Very new to OpenGl. I have seen examples online of bitmaps that are loaded into the system from an external file, and bitmaps that are only of 2 colors (they use glBitmap() )
BUT, I am trying to generate a colored bitmap on the fly. RGB I think would be easiest. Supposing I wanted to create a square 100x100 pixels, where each pixel was a random color. How do I manipulate individual pixels in an array that glDrawPixel() will understand?
I know it something to do with the pixel alignment, and using GL_RGB, but I’m very confused how images are actually stored.
thanks in advance,
Yes, GL_RGB and GL_RGBA are most common pixel formats with the data type, GL_UNSIGNED_BYTE (8 bits per component, so, 24bits and 32bits per pixel, respectively).
You need a single contiguous chunk of memory storage to store the pixel data. For example, GL_RGB format with GL_UNSIGNED_BYTE data type, you can allocate memory like this:
GLubyte *image = new GLubyte[width*height*3];
You can modify RGB components of a pixel like this, for example, at a pixel (x,y):
image[width*y+x] = red;
image[width*y+x+1] = green;
image[width*y+x+2] = blue;
image[y][x] = red;
image[y][x] = green;
image[y][x] = blue;
Great! Thank you for the help. I will try it out immediately. I have one final question though.
What does the
do exactly? I’m not sure what the difference between an alignment of 1, 2, 4 or 8 does. How will affect my array?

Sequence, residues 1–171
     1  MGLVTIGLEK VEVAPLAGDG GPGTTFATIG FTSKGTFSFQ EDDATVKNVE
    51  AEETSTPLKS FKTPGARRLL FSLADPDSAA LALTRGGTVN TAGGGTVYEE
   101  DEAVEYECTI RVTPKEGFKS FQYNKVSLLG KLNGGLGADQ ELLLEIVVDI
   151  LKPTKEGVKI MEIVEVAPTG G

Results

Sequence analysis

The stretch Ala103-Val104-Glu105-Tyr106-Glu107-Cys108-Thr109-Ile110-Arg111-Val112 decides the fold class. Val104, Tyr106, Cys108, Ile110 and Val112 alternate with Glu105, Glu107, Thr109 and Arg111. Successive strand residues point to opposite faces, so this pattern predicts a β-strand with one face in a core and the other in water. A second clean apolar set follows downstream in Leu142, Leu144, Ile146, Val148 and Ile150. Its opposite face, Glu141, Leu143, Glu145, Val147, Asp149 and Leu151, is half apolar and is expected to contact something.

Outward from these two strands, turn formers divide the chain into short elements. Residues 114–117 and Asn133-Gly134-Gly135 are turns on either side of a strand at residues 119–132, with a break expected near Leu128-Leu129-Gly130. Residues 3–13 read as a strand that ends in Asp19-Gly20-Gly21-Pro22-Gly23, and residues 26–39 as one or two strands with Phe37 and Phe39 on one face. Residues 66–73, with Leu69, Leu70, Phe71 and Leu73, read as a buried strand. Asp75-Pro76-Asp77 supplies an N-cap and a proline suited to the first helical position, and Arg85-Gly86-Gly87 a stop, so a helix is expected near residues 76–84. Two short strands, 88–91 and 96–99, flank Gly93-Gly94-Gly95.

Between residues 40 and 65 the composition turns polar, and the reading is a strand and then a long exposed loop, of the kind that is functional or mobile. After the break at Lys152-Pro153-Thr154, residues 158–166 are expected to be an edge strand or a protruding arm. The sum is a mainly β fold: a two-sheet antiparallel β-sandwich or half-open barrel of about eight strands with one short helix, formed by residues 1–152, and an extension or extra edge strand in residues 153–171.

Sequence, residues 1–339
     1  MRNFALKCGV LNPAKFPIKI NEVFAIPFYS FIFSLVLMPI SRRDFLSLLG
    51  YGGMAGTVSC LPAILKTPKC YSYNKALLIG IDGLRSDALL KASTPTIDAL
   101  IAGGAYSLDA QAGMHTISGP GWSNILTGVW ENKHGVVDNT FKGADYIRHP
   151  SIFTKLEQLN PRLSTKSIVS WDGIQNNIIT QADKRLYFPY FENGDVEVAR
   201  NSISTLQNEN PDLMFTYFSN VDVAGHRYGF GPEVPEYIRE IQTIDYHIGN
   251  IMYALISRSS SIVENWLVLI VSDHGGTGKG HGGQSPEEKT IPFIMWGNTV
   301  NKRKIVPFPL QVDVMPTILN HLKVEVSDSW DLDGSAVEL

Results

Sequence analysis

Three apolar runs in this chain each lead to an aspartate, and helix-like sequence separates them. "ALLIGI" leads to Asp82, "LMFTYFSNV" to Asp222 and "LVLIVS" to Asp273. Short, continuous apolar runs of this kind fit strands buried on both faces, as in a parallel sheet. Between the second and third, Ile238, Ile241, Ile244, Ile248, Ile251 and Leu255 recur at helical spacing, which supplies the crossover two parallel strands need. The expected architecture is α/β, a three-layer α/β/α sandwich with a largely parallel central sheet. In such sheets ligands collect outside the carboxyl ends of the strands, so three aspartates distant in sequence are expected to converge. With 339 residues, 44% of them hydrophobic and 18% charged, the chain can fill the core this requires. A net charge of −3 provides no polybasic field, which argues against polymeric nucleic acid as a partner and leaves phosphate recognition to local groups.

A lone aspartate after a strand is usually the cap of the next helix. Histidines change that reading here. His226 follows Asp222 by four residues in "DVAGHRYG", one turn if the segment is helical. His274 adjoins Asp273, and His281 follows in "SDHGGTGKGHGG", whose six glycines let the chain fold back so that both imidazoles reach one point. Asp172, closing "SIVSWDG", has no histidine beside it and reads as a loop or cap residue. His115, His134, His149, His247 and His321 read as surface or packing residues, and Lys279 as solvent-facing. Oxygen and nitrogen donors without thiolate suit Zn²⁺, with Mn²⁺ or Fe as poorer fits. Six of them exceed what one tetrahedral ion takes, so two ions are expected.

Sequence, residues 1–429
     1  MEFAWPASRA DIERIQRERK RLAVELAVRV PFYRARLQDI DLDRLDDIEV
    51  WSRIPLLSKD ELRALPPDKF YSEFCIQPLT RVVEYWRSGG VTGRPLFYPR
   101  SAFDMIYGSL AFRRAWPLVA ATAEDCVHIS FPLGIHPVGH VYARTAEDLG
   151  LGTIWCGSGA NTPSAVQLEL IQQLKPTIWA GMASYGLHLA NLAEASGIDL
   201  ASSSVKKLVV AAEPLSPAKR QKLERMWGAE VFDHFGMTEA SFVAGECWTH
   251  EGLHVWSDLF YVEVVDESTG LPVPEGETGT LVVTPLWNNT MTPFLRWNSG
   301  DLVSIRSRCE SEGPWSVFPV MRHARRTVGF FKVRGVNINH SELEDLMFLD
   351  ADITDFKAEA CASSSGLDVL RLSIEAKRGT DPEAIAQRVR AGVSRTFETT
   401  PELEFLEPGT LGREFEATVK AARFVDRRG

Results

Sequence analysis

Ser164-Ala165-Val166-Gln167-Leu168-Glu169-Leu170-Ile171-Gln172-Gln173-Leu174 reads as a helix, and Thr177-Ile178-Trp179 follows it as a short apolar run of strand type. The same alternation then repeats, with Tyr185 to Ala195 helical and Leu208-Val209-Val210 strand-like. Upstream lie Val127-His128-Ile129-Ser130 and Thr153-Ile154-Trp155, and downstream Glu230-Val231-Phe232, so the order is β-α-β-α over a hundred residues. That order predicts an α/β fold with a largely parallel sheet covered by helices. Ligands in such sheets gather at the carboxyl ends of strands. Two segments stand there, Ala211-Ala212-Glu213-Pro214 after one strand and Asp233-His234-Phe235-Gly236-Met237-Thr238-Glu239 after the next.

Here is a general term of data alignment;
For the performance reason, CPU accesses the memory in 2, 4, 8, 16, or 32 byte chunks at a time, instead of reading 1-byte at a time. Data alignment means the address of the data can be evenly divisible by 2 ,4, 8, or any power of 2. If the address of a data is divisible by 4, then the data is 4-byte alignment. The misaligned data will slow down the data access performance.
And, please check this for more details:
GL_UNPACK_ALIGNMENT is to specify the alignment of the pixel which is the first pixel of each row in a image. For example, Let’s say you have 10x10 image, which is non popwer of 2, with 8-bit RGB format (total 3 bytes per pixel), and the address of the first pixel is 0 (for simplicity). Then, the first pixel address of the second line will be 30 (10*3). Since 30 is not divisible by 4, you need to set GL_UNPACK_ALIGNMENT with 1 or 2. Otherwise, the image will not be rendered properly.